The UK watchdog took action after Stephen Ward and Anthony Salih allowed millions of pounds of transferred funds in their trust to be invested in eucalyptus farms, hotel rooms on an African island and car park bays.
The duo were directors of Dorrixo Alliance, which acted as trustee for the London Quantum pension scheme.
TPR’s determinations panel found that both men “lacked the competence and capability to be trustees” and described Ward as “reckless and lacking in integrity”.
Both men were warned that they could be jailed if they act as a pension scheme trustee in the future.
Ward did not appeal his ban, while Salih launched an appeal in February to the Upper Tribunal. However, he abandoned the claim seven months later, ahead of a hearing.
TPR had made it clear throughout the process that it would strongly defend its case against Salih.
According to TPR, between April 2014 and June 2015, hundreds of people were approached by introducers being paid commission to try to persuade pension holders to transfer their funds to the London Quantum scheme for investment in “exotic sounding propositions”.
More than 90 people transferred their pensions, worth in excess of £6m ($7.7m, €6.75m), to the scheme. Hundreds of thousands of pounds were then paid out to Dorrixo, introducers and a business providing administration and marketing services.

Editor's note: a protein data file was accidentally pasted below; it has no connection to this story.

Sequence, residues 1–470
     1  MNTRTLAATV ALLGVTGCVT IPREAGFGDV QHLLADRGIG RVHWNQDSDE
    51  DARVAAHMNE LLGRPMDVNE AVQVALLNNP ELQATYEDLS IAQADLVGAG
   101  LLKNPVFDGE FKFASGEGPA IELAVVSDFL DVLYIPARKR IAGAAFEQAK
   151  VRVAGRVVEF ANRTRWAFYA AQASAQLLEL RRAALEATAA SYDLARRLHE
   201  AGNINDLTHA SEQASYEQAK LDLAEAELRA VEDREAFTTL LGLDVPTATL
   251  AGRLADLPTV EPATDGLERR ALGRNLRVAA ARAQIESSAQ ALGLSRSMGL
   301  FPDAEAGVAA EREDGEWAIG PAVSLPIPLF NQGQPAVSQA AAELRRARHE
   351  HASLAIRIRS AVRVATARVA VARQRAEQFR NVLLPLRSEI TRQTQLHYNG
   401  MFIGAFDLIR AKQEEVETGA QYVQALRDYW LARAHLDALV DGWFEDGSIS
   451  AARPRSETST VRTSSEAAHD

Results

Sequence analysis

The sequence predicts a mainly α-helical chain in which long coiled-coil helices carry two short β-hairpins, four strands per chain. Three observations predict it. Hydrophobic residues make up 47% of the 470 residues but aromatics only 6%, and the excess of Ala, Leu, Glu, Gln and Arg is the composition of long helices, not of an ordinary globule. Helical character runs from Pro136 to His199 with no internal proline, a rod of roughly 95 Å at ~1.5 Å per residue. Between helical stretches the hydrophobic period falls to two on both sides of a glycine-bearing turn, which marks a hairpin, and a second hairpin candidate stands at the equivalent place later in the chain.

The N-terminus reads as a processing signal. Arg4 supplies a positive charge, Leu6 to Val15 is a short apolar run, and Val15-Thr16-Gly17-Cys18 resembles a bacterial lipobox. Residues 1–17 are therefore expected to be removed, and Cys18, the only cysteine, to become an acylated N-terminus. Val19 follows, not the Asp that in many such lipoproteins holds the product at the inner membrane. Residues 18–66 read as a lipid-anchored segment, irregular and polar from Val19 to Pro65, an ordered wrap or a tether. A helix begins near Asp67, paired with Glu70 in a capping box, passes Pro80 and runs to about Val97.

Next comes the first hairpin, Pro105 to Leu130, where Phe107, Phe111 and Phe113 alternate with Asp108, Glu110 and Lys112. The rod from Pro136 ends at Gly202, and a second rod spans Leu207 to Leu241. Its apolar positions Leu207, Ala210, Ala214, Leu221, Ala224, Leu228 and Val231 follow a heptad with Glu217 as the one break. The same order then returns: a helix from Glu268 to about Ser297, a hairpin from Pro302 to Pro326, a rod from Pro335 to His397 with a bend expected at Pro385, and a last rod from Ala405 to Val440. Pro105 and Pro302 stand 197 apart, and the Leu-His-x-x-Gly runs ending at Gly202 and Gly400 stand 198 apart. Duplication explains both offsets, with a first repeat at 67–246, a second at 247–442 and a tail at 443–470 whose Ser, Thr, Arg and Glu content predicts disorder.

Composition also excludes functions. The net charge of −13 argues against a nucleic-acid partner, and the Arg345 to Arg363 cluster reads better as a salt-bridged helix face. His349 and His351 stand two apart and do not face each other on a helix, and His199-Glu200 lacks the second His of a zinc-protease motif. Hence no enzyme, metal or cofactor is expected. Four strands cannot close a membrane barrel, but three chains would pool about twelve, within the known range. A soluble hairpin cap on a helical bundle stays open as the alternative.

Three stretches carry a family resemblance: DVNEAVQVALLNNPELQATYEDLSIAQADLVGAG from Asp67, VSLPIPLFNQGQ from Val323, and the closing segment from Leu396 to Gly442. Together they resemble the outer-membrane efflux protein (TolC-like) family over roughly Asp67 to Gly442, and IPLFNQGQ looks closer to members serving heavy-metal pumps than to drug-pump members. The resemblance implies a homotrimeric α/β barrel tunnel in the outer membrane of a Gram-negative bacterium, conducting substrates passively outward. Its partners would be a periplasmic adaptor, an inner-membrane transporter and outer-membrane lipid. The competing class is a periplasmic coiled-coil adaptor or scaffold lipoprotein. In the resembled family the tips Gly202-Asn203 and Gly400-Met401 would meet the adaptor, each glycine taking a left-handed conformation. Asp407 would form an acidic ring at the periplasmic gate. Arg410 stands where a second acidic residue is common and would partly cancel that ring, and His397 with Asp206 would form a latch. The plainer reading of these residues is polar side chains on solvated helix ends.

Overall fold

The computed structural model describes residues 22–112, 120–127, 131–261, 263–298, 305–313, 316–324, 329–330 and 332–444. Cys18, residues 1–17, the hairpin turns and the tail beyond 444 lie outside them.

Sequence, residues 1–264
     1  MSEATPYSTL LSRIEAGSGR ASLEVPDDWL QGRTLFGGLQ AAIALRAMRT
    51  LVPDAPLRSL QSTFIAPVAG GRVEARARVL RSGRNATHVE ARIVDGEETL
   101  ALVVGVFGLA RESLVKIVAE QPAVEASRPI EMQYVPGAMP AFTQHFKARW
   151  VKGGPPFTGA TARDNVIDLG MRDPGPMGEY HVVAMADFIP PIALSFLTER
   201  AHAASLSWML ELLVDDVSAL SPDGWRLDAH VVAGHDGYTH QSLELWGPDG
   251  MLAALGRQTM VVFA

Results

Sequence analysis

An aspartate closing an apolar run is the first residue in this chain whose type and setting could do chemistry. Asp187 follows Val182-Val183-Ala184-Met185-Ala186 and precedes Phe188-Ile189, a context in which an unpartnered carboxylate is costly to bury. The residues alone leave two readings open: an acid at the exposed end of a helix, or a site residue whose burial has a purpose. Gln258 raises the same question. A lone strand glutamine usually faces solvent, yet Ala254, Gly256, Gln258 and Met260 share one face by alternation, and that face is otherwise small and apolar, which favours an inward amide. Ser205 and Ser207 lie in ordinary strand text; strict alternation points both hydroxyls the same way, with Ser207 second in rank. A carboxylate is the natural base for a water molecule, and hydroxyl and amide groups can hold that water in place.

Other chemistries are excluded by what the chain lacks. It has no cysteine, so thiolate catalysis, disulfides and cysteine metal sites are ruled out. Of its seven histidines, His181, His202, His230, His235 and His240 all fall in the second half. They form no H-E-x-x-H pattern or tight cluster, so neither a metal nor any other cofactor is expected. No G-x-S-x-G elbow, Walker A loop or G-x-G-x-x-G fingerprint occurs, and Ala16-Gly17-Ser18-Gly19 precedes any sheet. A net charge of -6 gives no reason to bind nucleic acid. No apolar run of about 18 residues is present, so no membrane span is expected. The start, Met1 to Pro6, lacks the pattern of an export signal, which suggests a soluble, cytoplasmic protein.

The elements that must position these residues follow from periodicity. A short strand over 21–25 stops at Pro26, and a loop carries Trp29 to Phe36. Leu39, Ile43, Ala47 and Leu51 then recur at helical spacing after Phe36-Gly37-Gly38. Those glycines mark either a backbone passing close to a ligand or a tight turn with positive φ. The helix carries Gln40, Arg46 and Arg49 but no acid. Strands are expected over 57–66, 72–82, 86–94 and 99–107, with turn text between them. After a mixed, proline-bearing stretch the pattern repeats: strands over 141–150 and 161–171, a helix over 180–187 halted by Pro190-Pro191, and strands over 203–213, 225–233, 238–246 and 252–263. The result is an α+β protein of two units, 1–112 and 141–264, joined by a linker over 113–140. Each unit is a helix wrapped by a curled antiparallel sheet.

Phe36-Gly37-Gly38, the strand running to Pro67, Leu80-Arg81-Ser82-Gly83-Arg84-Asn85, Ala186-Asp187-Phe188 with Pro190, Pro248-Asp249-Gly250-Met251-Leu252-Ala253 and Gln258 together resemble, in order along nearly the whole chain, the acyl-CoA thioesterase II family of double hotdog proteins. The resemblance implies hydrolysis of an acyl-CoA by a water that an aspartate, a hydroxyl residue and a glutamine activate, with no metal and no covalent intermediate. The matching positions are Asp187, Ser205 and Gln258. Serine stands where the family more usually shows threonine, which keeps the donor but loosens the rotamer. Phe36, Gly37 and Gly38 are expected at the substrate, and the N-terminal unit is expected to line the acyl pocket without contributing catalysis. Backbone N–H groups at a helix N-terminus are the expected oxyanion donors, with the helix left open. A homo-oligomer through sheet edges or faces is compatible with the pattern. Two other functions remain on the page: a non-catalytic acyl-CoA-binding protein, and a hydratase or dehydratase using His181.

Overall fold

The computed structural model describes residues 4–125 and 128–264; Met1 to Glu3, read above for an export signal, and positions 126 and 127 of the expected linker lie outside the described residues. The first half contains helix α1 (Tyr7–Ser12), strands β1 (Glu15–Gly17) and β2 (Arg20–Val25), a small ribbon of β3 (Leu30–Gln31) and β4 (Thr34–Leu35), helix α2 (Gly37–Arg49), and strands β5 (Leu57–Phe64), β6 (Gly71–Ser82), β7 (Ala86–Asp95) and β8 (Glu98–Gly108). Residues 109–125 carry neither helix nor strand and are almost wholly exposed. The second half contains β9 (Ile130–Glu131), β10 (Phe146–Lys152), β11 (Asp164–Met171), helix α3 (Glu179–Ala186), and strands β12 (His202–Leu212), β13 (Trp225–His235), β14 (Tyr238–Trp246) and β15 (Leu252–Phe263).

While many of the members believed their funds were being put into low- or medium-risk investments, in truth, said TPR, the funds were going into high-risk illiquid investments that paid large commissions to introducers.
Concerns over the quality of the investments and governance of the scheme led TPR to appoint Dalriada Trustees as an independent trustee to the exclusion of Dorrixo.
Nicola Parish, TPR’s executive director of frontline regulation, said: “Stephen Ward and Anthony Salih put millions of pounds of other people’s money at risk and have neither the knowledge nor the skills needed to run a pension scheme.
“Trustees play a vital role as the first line of defence for pension schemes, but these two men allowed huge sums to be invested into high-risk, exotic investments that bear all the hallmarks of being scams.
“As this case shows, we will take action to replace trustees if we believe they are putting scheme funds at risk and will ban those who are not fit to perform such an important task – pursuing cases right the way through the courts if that is what it takes to get the right result.”